Formed in the aftermath of the revolution in early 2018, the current Armenian cabinet enjoys a high level of public approval. However, a series of political and economic factors constitute potential impediments for the economic reform and development possibilities. Internal weakness, micromanagement and dependence on Russia are amongst them. Prime Minister Nikol Pashinyan’s promised ‘economic revolution’ may still stumble.

The liberal Prime Minister Nikol Pashinyan’s cabinet, formed after the snap elections on 9 December, keeps enjoying a high level of public approval. Probably, the most serious challenge awaiting the government in the coming months is the ongoing massive propaganda campaign by the former regime’s proxies aiming to destroy the government’s reputation in order to avoid the prosecution of some former top-level officials and, ultimately, to prepare a ground for their possible return to power.

At the same time, the government faces a certain level of internal weakness. While it enjoys a comfortable majority in the parliament, the narrow circle of decision makers and their lack of experience result in micromanagement, as some leaders don’t know how to manage by delegating tasks, or lack enough trusted and knowledgeable people. This makes the whole structure vulnerable, keeping in mind that it largely depends on one man’s popularity.

Delivering some viable economic results and social development would be essential for the government’s stability, especially in the mid- and long term. At the same time, while some essential reforms may be unpopular and, at least in the short term, damage the approval rating, the government must take into account that the post-revolution euphoria cannot last for years. The time is ripe to use the ‘window of opportunity’ to reform the country.

Delivering some viable economic results and social development would be essential for the government’s stability, especially in the mid- and long term.

Pashinyan promised an ‘economic revolution’. However, some observers consider that the government’s programme, which states an expectation of annual growth of 5%, lacks ambition. The programme provides for de-bureaucratisation, although the announced intention to cut 10,000 jobs in the public sector is a potential reason for discontent. The programme also suggests reducing state regulation of the economy, albeit carefully, and at the same time improving tax collection, as well as increasing the excise tax levied on some products. Yet, as some experts have warned, additional taxation may have a negative influence on consumption and result in a decline of some industries.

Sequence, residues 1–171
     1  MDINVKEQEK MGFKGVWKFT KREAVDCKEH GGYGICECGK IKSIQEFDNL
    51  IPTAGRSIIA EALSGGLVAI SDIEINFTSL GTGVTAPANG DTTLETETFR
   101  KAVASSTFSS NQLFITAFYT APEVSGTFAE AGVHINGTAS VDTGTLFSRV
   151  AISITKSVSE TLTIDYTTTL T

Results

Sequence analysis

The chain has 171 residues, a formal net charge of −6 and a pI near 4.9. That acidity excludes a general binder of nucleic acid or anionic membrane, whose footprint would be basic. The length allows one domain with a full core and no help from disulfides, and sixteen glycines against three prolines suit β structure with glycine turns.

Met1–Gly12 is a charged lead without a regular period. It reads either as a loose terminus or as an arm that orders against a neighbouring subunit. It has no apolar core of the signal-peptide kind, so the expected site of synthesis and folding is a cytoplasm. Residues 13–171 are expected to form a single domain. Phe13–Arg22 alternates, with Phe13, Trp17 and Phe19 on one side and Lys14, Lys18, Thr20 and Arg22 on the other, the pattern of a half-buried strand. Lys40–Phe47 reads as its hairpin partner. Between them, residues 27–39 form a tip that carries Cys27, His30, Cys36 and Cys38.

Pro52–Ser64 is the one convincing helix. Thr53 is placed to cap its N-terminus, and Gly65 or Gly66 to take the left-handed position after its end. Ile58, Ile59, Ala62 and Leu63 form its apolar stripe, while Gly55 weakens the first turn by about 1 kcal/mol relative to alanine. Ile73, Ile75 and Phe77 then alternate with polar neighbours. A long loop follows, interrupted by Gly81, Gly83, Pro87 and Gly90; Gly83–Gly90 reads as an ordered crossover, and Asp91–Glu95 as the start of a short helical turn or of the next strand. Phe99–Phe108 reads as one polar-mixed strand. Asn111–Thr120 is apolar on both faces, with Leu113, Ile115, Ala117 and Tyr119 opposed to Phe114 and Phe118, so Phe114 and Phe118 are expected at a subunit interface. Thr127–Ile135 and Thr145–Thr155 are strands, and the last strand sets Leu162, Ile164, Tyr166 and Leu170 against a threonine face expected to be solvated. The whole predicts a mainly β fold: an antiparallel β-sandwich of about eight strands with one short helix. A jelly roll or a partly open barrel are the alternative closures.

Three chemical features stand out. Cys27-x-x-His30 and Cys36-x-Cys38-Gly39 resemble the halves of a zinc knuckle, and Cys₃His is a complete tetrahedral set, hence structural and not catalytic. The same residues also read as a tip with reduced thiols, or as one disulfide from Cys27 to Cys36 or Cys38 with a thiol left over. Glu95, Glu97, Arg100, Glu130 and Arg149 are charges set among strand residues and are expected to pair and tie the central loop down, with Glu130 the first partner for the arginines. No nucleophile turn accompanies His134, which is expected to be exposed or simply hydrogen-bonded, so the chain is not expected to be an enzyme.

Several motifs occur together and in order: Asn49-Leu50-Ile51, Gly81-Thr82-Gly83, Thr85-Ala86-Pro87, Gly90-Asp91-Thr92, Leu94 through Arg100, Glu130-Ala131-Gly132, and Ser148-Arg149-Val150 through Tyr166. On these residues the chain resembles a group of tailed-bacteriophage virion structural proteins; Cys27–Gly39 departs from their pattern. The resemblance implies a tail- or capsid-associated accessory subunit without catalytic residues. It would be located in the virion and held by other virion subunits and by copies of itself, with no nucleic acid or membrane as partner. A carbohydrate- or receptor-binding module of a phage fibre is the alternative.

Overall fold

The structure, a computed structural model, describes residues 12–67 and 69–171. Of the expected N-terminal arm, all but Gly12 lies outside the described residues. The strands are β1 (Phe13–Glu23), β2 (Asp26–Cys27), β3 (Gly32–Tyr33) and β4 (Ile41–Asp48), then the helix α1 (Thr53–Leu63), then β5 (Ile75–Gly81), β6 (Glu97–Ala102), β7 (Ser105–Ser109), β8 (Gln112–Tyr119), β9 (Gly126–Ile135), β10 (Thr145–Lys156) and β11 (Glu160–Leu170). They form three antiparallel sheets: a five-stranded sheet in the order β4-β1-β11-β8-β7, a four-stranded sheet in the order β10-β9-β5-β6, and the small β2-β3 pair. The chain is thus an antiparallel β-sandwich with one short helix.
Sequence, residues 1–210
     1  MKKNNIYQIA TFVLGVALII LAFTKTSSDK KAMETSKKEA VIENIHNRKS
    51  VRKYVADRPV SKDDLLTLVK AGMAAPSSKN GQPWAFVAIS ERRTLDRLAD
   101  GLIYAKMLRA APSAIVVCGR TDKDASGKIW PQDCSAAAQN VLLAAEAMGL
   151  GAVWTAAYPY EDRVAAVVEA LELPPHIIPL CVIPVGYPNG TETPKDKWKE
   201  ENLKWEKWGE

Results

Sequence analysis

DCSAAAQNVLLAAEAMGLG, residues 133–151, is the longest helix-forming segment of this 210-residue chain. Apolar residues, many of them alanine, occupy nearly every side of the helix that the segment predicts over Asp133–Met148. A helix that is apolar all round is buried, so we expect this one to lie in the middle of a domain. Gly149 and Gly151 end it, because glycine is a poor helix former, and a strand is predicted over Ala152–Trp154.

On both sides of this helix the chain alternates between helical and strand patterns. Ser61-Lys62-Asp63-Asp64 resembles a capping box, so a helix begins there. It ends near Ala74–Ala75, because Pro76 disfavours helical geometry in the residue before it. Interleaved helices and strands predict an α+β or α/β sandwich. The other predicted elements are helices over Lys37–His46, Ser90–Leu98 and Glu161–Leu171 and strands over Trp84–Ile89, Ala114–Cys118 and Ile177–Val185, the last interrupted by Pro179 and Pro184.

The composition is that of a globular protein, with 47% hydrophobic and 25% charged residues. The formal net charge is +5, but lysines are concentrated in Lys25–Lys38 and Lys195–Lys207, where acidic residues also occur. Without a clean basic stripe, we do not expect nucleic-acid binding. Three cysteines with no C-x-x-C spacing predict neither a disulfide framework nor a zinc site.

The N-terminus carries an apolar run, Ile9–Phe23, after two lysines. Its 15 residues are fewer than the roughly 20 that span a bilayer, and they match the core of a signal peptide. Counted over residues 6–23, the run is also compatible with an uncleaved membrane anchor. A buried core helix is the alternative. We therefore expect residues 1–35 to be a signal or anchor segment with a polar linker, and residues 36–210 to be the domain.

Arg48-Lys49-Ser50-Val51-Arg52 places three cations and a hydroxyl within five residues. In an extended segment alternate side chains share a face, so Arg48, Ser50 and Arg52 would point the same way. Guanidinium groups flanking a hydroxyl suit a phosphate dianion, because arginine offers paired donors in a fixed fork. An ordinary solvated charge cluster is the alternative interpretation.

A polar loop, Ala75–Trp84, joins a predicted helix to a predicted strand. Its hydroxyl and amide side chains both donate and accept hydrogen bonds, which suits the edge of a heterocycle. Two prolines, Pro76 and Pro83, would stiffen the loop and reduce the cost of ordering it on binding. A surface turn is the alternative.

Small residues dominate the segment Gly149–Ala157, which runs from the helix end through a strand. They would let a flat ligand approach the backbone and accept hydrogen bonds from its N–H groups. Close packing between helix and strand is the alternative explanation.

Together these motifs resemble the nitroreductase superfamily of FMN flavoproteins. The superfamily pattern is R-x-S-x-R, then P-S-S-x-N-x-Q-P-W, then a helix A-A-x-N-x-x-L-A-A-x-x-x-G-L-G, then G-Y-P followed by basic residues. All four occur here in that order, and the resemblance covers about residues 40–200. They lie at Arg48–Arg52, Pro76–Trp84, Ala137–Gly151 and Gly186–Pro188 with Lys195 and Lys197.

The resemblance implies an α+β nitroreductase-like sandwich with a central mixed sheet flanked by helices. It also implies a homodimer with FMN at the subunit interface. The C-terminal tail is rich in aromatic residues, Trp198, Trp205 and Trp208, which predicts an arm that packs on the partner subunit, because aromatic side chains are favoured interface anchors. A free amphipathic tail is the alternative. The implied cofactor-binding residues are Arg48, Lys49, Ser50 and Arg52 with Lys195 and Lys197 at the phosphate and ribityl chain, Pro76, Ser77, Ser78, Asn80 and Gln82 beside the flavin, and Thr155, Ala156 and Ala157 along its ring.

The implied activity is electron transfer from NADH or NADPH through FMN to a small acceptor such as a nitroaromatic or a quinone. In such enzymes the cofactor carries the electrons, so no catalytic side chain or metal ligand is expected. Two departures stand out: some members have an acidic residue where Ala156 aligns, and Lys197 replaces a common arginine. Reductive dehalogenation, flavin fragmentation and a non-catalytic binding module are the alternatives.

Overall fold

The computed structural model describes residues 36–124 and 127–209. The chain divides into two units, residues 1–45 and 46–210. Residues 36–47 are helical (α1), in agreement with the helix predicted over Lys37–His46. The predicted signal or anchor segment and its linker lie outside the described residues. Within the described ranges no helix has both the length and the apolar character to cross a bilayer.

Tax reform is a controversial issue in general, as a large sector of civil society, which supported the revolution and also supported Pashinyan during the elections, is against the proposal to introduce a flat tax on income. Currently, a 23% rate is applied to incomes not exceeding 150,000 Armenian Drams (AMD – about 271 Euros) per month, 28% to amounts over 150,000 and up to 2,000,000 AMD, and 36% to higher amounts. It has been proposed to use the 23% flat rate and then reduce it to 20% by 2023.

You might also like:  Armenia: a new opportunity for European Progressives

Opponents consider that such a measure will deepen the economic and social inequality. The government has not sufficiently attempted to explain its view about the potential benefits of introducing a flat tax, although Estonia’s and Slovakia’s experience might serve as positive examples. At the same time, some other countries’ experience shows that a tax reform of that kind is not a universal remedy, unless it is accompanied by a drastic improvement of the rule of law, as well as other measures essential for attracting investment. Besides, the global economic stagnation tendency can make it more difficult to attract investment.

Considering the possibilities of economic development, it is also hardly possible not to see a major impediment: Armenia’s membership in the Eurasian Economic Union (EEU) and strong dependence on Russia in general limit the government’s capacity to perform radical governance and economic reforms. EEU membership makes free trade with non-member countries impossible. Besides, the EEU mostly adopted Russia’s tariff levels, and other members were obliged to raise their tariffs, making consumer goods, machinery and equipment imported from non-EEU countries even more expensive. The temporary exemptions for around 800 goods negotiated before the EEU accession have expired or are going to expire soon, opening the way for compensation claims as Armenia violated the commitment to the World Trade Organisation by raising the tariffs. And while officials keep repeating statements about the need to deepen the Eurasian integration, or to become a ‘bridge’ between Iran and the EEU, and so forth, such plans don’t seem realistic, taking into account the isolated geographical position, underdeveloped infrastructure and other factors. The scope of economic opportunities and international trade will always remain restrained by the EEU membership.

An open and sincere discussion about the economic perspectives, which has been somehow limited by the inclination not to disappoint Russia, would be inevitable after all. Among the additional factors to consider are the growing payments of foreign debt interest and the possible decline in the amount of remittances – the largest source of hard currency so far – because of the likely economic recession in Russia in case the oil price declines. Besides, as further deepening of ties with Russia keeps influencing strategic planning, it is also likely to be an additional obstacle for meaningful governance reforms and international cooperation.

photo credit : Narek Aleksanyan